I was surprised to learn that some of the Halloween traditions that we know today were present in Victorian America. For one thing, they actually had candy corn! Yes, that too sweet orange and yellow candy that we associate with Halloween was available in the 1890's. In fact, according to Wikipedia, candy corn was created in the 1880's by George Renninger of the Wunderlee Candy Co. The three colors of the candy, orange, yellow and white are supposed to mimic the colors of corn. There is also 'Indian Corn' which is white, yellow and brown.
I also learned that it was the Irish who brought the tradition of Jack O'Lanterns to this country. It was named after the strange phenomenon of light flickering over peat bogs, called ignis fatuus or jack-o-latern. Both in Ireland and Britain, there was a long tradition of carving laterns from vegetables. However carved laterns did not specifically become associated with Halloween until 1866. Originally laterns in the US were associated with the Harvest season in general, before it got folded into Halloween.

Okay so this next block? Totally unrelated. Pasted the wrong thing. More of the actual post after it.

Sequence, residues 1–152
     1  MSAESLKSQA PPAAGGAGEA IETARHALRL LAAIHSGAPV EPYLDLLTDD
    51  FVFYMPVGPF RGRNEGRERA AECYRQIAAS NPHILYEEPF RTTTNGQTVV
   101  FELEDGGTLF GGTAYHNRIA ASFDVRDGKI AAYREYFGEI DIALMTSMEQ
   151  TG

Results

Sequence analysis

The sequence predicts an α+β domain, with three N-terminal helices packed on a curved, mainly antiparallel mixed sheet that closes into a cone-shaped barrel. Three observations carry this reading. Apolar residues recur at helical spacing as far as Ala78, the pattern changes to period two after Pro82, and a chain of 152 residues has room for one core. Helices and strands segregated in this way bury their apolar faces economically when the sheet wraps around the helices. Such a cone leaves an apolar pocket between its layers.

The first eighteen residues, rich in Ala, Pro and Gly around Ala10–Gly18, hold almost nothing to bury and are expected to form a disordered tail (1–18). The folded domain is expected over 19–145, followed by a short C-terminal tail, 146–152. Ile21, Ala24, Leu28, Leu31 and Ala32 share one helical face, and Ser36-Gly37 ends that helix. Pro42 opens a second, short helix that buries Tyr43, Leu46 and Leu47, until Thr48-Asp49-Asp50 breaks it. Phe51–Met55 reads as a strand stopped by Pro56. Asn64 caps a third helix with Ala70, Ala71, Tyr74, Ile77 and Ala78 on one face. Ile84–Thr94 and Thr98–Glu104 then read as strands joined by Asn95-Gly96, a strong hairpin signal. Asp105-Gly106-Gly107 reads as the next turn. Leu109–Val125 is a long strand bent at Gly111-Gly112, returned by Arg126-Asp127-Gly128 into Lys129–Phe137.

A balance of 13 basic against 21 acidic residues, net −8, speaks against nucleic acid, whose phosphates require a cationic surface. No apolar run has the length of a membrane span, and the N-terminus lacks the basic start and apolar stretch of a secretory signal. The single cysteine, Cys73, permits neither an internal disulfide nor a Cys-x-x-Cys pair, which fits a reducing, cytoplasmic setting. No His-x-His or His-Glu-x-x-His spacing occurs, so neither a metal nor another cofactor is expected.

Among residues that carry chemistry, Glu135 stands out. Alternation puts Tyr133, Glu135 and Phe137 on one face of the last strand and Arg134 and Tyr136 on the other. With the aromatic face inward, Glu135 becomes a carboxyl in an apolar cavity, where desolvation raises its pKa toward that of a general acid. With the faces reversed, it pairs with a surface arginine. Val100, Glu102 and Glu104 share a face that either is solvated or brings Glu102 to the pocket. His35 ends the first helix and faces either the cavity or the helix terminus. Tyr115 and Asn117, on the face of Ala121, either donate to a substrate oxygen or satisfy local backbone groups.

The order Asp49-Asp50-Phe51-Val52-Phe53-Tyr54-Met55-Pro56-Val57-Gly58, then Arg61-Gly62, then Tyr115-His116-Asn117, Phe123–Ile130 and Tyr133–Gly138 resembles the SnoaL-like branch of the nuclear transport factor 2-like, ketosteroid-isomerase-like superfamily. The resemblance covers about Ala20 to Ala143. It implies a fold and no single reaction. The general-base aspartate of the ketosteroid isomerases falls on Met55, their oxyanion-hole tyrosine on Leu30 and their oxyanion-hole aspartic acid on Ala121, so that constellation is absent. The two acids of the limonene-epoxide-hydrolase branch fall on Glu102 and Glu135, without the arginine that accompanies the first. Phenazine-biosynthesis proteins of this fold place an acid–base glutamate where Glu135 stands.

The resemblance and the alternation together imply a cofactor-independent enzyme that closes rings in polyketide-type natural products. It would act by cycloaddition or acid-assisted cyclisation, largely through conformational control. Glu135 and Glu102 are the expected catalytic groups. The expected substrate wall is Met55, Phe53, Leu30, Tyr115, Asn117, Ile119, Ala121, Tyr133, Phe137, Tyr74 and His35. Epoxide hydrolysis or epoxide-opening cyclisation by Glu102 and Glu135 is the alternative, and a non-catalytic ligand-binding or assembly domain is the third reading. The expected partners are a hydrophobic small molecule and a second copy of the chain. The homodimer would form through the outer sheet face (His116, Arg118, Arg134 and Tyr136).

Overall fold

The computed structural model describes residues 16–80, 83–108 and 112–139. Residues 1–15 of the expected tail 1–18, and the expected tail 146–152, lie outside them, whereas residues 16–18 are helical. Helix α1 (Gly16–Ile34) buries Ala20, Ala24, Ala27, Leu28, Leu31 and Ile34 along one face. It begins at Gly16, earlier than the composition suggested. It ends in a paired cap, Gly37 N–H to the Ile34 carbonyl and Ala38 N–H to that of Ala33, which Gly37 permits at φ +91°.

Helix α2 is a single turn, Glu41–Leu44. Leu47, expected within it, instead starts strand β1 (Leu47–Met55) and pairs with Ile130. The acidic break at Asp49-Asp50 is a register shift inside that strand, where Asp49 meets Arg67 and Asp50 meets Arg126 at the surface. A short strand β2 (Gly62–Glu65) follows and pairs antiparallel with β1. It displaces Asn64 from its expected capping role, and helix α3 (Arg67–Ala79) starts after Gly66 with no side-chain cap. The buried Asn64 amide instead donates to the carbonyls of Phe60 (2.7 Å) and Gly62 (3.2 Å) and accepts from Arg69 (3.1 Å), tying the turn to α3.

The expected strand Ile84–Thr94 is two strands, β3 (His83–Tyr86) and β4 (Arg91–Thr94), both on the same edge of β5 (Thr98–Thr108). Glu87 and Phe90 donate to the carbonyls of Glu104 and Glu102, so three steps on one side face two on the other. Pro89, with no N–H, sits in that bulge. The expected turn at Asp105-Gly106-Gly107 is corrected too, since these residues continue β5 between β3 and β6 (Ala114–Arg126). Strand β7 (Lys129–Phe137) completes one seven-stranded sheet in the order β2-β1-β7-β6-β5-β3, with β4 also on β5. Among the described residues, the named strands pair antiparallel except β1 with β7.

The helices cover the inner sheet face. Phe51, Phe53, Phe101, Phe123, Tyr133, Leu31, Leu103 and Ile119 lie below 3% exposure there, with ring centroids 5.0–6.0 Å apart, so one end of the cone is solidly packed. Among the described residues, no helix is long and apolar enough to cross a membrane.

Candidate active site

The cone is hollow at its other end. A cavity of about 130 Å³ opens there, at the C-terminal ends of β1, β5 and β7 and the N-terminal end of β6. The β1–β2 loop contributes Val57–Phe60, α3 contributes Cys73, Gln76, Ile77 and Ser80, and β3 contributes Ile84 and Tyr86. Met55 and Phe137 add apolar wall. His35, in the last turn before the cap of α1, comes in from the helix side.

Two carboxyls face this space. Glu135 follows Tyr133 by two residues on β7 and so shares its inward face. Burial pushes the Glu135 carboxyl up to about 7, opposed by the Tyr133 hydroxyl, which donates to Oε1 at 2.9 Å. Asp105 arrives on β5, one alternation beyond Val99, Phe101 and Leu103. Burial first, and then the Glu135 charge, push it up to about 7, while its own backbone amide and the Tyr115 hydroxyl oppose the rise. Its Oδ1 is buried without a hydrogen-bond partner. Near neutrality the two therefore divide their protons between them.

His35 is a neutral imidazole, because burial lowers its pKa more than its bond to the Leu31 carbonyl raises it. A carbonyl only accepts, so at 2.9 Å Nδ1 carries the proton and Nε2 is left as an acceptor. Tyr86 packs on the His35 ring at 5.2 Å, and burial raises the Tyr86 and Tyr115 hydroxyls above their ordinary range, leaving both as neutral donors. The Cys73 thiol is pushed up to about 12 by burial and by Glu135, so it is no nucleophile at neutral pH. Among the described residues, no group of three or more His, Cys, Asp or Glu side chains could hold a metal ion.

Agnes Carr Sage wrote in, "Halloween Sports and Customs," Harper's Young People, October 27, 1885, p. 828: "It is an ancient Scottish custom to light great bonfires on Halloween, and carry blazing fagots about on long poles; but in place of this American boys delight in the funny grinning jack-o'-lanterns made of huge yellow pumpkins with a candle inside."
You can read the Irish folktale of Jack here. Another story that I read in a Time-Life book on America in the 19th century stated that young girls on Halloween would walk down the stairs backward holding up a mirror to see if they saw their future husband. You just know that I had to include that little tidbit in my book.
I also learned that in America, while there was no trick-or-treating yet per se, there were kids who played Halloween tricks in the big cities.
See, sometimes you can learn fun things while researching!